Black Swan

2010 / 108m - USA
Thriller, Mystery
Black Swan poster

"Nice timing!", you might be thinking. Natalie Portman wins the Oscar for best female lead and here I am with my Black Swan review. Well, not to burst your bubble, but Aronofsky's latest only just premiered here in Belgium, so that explains why I'm so fashionably late with my review. It doesn't change the fact that this film definitely deserves a review though, no matter how belated it is. Brace yourself for another one of Aronofsky's descents into madness, and a good one at that.

screen capture of Black Swan

Back when Aronofsky was making name with Requiem For A Dream, he admitted to liking Perfect Blue (the animation version directed by the late Satoshi Kon), he even copied a scene into RAFD. Ever since people have been looking for references between the two, and those people are really having a field day with Black Swan. Parallels between the main character and similarities between the themes in both movies are not hard to spot. It's funny though how I missed all of that, but was only reminded of Perfect Blue during the train scenes early on. Not until afterwards did I remember the connection between both and did I link other aspects of both films.

This is mostly due to the fact that Black Swan floats on a completely different wave length, aiming for a more bitter, emotional and dramatic atmosphere rather than turn into a purposefully deceptive mind bender like Perfect Blue. And so that's where I'm going to leave the comparison between both films. Black Swan stands well on its own and deserves to be judged on its own merits.

The film follows Portman's character Nina from the point where she's finally granted the lead role in her mentor's latest re-envisioning of Swan Lake. She completely nails the white swan part, but her inability to let go of her emotions seriously hampers her black swan performance. Right then Lily shows up, the complete opposite of Nina's character. She reveals a hidden side to Nina's personality, opening doors to better interpret the black swan. At the same time, Lily turns into her biggest rival for the lead role.

screen capture of Black Swan

Once upon a time The Wrestler and Black Swan were meant to be one film, visually you can still see the scars of this separation. Black Swan looks a lot more like The Wrestler compared to earlier Aronofsky films, yet he still manages to sneak in quite a few special effects and some impressive visual trickery. Nothing mind-blowing, sometimes even so subtle it's hard to notice the technical competence here. The last half hour is a serious step up visually speaking, coming awfully close to Aronofsky's former glory and featuring a couple of awe-inspiring shots.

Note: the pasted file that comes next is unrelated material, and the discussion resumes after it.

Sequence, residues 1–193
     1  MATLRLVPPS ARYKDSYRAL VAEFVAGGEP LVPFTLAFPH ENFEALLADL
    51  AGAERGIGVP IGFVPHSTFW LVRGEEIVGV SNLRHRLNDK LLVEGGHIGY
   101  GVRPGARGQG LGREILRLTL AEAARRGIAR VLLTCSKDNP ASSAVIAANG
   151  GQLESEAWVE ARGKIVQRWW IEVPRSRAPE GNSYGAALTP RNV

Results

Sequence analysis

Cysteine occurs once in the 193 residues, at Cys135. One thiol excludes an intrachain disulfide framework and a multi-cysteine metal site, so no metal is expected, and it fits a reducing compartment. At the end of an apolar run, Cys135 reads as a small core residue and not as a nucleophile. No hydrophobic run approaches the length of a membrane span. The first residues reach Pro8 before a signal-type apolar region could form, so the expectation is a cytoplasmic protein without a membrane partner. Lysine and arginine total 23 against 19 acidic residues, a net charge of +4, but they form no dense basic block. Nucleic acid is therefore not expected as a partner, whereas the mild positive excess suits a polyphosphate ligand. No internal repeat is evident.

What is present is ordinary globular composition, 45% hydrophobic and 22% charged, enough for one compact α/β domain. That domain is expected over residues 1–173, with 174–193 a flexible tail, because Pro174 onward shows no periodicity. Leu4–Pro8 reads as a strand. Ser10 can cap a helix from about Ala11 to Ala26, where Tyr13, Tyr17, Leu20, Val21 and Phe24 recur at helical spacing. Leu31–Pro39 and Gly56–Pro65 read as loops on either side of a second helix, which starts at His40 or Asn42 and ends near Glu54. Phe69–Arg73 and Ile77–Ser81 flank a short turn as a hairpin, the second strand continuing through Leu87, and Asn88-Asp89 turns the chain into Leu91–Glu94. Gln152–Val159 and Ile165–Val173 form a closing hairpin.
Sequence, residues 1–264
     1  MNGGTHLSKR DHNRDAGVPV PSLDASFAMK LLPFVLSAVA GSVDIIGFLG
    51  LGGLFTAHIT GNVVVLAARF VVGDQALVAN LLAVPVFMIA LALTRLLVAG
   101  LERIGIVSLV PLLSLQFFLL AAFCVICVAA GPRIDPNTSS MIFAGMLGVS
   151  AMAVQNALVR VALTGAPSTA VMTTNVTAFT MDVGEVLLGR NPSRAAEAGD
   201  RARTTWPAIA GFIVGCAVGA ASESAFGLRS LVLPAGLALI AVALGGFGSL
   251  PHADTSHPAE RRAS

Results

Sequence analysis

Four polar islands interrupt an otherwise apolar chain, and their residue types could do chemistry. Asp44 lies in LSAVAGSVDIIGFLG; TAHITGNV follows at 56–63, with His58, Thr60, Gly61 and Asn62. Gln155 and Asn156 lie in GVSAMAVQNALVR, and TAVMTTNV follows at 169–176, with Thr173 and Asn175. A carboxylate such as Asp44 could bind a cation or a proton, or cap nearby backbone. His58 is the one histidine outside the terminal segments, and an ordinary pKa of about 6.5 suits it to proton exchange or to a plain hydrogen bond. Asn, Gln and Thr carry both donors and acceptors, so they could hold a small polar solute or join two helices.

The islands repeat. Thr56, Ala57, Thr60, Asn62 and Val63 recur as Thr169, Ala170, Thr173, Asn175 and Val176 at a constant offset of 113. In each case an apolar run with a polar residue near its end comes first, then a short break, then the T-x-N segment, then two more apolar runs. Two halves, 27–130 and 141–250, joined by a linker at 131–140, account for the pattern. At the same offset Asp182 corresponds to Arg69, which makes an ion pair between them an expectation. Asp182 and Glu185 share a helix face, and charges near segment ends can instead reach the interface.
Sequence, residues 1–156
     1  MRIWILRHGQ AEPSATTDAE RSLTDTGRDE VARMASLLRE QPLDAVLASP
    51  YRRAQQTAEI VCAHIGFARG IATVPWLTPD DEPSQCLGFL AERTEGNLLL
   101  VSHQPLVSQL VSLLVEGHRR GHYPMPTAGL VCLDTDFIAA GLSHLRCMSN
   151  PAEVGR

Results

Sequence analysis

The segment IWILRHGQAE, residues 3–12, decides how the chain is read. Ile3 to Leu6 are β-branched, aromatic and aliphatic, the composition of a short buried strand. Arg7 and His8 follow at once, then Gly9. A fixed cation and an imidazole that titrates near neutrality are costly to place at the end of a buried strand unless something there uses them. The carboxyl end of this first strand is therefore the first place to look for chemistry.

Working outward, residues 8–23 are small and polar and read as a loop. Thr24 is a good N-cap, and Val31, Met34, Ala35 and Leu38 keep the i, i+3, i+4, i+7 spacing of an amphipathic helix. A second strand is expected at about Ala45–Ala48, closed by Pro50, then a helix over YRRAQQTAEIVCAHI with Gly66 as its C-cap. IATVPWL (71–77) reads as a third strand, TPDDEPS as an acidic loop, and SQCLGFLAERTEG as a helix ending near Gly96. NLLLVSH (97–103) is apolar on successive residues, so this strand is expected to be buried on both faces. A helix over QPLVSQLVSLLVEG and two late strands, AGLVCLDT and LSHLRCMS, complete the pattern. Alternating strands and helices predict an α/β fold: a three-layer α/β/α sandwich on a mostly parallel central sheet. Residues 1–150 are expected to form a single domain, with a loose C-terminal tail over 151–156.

Clint Mansell is once again present for the soundtrack. He provides a good score, sometimes a little too bombastic and in your face, but overall very atmospheric and fitting. Sadly it's hard for me to not see him as the man who once composed the soundtrack for Pi, all his other work fails to compare to that. It's a personal thing, I know, but I always get the feeling there's unused potential when I see his name credited on a film's score.

As for the acting, I admit to having very limited interest in the whole Oscar parade, but Portman deserved that little statue like no other. She's virtually in every scene, the camera is constantly on her toes and even though it's a thankful role to play (lots of drama and emotion), it probably wasn't the easiest one she had access to. I haven't been a big fan of Portman these last couple of years, she made some pretty bad calls if you ask me (V For Vendetta, Star Wars, Closer), but here she proves she can shine in the hands of the right director. Kunis and Cassel live pretty much in the shadow of Portman and don't get much time to make something substantial of their characters, but they still do a pretty good job with what they're given.

screen capture of Black Swan

Aronofsky remains one of the best out there when it comes to filming a character's mental and emotional downwards spiral. He has excellent notions of how to use the visuals and music to heighten the impact of the emotional state of his characters. The entire finale is superb to behold, including a little body horror, awesome dance performances and some first-grade insanity, concluding the film on a definite high note.

Black Swan is definitely a step up from The Wrestler, not really up to par with his first two films yet but only barely lagging behind. Sadly Aronofsky's revival seems to be somewhat short-lived as he's currently working on a completely different project. I know he's been wanting to direct some kind of pulpy superhero fluff ever since Requiem For A Dream landed him some success, but after a couple of failed attempts (RoboCop, Superman) he seems to be getting there with The Wolverine. I'm sure he'll do a pretty good job considering the rest the genre has to offer, but I don't see this new film topping any of his former ones.

Black Swan sees Aronofsky back in good shape. Opinions differ, but I'm glad he left the gritty dramas alone and went back to more familiar territory. Black Swan is a splendid combination of horror, drama and tragedy, eerie and atmospheric from the very first frames til the very end, with a sprawling finale to boot. Can't miss this one, even if you think ballet is a dull subject for a film. Just like Pi, which wasn't really about math either, Aronofsky just uses his setup like a hook and aims straight for emotion. Recommended viewing.